A Master of Science thesis in Mechanical Engineering by Mohammed Ghassan Aldadah entitled, "Buckling of Inhomogeneous and Functionally Graded Columns," submitted in July 2014. Thesis advisor is Dr. Shivakumar Ranganathan and thesis co-advisor is Dr. Farid Abed. Available are both soft and hard copies of the thesis.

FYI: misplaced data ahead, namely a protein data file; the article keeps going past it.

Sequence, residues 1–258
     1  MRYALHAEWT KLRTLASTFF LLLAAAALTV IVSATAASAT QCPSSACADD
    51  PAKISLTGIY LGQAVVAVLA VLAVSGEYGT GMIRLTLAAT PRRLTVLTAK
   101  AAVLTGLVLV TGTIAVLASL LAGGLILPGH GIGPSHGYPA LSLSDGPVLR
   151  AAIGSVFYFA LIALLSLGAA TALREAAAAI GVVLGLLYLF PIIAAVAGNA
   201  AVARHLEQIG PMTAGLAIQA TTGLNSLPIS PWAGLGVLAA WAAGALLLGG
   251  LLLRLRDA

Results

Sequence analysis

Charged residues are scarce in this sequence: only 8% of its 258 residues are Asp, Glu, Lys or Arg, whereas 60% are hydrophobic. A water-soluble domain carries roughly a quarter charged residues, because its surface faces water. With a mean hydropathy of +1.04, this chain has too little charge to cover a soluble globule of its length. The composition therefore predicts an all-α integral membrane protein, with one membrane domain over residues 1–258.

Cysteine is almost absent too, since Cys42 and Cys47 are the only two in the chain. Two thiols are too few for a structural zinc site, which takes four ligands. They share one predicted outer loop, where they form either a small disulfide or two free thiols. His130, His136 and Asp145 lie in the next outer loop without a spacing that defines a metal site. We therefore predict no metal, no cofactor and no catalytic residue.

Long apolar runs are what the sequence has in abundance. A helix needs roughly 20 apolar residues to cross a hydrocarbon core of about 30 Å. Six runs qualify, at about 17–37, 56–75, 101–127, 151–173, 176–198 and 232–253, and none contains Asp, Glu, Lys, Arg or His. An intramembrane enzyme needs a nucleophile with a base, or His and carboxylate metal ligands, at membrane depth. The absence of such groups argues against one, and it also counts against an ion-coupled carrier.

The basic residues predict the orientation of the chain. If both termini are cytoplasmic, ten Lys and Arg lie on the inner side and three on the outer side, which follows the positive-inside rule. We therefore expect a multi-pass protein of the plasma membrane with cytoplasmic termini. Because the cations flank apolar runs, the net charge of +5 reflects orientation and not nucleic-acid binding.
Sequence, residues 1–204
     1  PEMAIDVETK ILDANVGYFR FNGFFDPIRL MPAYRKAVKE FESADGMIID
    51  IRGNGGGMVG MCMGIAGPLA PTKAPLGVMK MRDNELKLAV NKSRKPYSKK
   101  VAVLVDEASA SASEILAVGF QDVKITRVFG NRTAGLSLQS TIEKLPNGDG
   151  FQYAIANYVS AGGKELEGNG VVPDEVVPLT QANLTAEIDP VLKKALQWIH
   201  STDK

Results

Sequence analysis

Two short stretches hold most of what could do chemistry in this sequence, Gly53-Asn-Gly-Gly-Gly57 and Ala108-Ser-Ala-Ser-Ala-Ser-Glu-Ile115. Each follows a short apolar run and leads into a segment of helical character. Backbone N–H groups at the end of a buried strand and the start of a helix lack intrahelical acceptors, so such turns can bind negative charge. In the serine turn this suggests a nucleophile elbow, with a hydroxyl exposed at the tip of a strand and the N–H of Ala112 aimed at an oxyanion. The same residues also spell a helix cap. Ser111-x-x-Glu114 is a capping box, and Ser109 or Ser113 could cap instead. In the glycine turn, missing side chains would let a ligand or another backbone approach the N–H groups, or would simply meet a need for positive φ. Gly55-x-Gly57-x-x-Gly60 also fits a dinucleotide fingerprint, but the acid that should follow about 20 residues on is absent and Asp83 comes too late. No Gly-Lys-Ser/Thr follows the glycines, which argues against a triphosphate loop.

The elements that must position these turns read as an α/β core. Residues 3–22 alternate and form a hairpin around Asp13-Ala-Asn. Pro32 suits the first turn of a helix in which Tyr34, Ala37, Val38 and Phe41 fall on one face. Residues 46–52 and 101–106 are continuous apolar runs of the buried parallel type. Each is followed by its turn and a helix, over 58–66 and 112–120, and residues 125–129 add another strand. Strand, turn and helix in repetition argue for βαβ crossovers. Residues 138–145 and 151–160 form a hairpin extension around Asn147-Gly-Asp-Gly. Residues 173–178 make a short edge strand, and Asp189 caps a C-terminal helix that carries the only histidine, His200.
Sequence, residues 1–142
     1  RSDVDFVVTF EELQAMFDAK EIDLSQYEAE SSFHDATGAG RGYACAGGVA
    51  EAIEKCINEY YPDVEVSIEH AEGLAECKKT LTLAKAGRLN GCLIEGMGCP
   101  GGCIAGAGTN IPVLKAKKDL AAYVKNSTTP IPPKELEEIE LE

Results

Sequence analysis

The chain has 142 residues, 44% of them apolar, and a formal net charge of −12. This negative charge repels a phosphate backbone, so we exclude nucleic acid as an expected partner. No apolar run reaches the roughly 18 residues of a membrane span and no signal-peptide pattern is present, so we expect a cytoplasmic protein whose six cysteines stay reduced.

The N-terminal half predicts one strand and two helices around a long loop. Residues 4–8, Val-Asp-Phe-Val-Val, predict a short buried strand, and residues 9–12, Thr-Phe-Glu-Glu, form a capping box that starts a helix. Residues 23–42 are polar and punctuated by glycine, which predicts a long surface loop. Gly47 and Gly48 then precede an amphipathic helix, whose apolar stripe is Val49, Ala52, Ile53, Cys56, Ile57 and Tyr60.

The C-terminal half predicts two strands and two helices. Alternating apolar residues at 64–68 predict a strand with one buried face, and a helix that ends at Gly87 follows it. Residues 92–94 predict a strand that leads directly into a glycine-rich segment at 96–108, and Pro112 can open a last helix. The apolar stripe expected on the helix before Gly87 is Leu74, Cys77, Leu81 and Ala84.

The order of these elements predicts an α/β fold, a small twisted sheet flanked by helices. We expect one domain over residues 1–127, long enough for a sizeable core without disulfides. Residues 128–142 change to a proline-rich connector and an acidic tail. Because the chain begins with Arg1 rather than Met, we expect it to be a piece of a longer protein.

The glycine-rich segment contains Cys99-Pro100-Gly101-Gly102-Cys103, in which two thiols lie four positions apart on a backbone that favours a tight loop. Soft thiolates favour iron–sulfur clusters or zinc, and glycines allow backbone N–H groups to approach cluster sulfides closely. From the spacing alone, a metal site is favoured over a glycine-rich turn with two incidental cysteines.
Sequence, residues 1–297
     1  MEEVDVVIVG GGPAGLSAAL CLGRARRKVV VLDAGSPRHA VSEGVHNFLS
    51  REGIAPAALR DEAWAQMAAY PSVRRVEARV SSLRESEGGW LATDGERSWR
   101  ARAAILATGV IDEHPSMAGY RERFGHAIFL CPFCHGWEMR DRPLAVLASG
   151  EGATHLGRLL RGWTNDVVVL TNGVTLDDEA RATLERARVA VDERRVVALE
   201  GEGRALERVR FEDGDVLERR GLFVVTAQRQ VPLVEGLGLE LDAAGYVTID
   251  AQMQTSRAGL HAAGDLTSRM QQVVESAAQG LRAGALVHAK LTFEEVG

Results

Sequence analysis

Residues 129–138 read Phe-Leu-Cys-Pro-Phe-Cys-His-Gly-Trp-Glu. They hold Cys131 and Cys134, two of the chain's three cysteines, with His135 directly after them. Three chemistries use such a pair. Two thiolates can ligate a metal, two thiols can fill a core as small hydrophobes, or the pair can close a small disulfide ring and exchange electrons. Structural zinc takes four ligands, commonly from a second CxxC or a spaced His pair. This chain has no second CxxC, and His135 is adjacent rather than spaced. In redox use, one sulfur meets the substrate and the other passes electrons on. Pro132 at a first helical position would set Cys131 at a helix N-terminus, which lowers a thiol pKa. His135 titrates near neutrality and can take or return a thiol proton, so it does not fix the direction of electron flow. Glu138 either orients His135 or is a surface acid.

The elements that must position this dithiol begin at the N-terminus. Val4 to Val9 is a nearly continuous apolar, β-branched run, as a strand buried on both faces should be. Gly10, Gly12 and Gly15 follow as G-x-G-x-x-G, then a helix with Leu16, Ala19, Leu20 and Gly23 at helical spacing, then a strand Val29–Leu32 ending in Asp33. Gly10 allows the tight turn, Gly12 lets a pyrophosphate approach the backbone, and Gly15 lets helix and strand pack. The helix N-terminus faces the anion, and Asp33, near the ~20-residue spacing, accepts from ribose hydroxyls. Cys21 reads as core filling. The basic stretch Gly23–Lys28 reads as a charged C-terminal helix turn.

Buckling is an instability encountered in a wide variety of problems, both in engineering and biology. Almost all engineering structures are designed with adequate safety factors to prevent failure due to buckling, yielding, or dynamic loads. In a classical sense, design for buckling is done by carefully controlling the modulus of elasticity, moment of inertia, and the length of the structure. Further, such an approach assumes the material to be homogeneous and does not generally account for the microstructural details of the column. In the first part of this thesis, we study the buckling of inhomogeneous columns with a two-phase checkerboard microstructure. Monte Carlo simulations are used to generate microstructures with arbitrary volume fractions and phase contrasts (ratio of the modulus of individual phases). An analytical form is obtained for the ensemble averaged critical buckling load based on the results of over 18,000 eigenvalue problems at arbitrary volume fractions, phase contrasts, and distributions. Further, microstructural realizations that correspond to the highest buckling load (best design) and the lowest buckling load (worst design) are identified and the corresponding distribution of individual phases is determined. The statistical nature of the critical buckling load is discussed by computing the statistical moments that include the mean, coefficient of variation, skewness, and kurtosis. Next, we consider the buckling of long and slender columns with functionally graded microstructure. In such columns, the modulus of elasticity and/or the moment of inertia is varied in a controlled manner along the length of the column. The primary objective is to identify functionally graded microstructures that maximize (and minimize) the critical buckling load when compared to a reference homogeneous column. Several columns with a variety of microstructures are examined and a constraint is imposed on each of the microstructures so that the volume averaged elastic modulus remains the same in all the columns. The buckling load capacity of these microstructures is determined using linear perturbation analysis, as well as the Rayleigh-Ritz method. Finally, microstructures that maximize the critical buckling load are identified and a relationship between the material distribution and the corresponding buckling mode shape is established.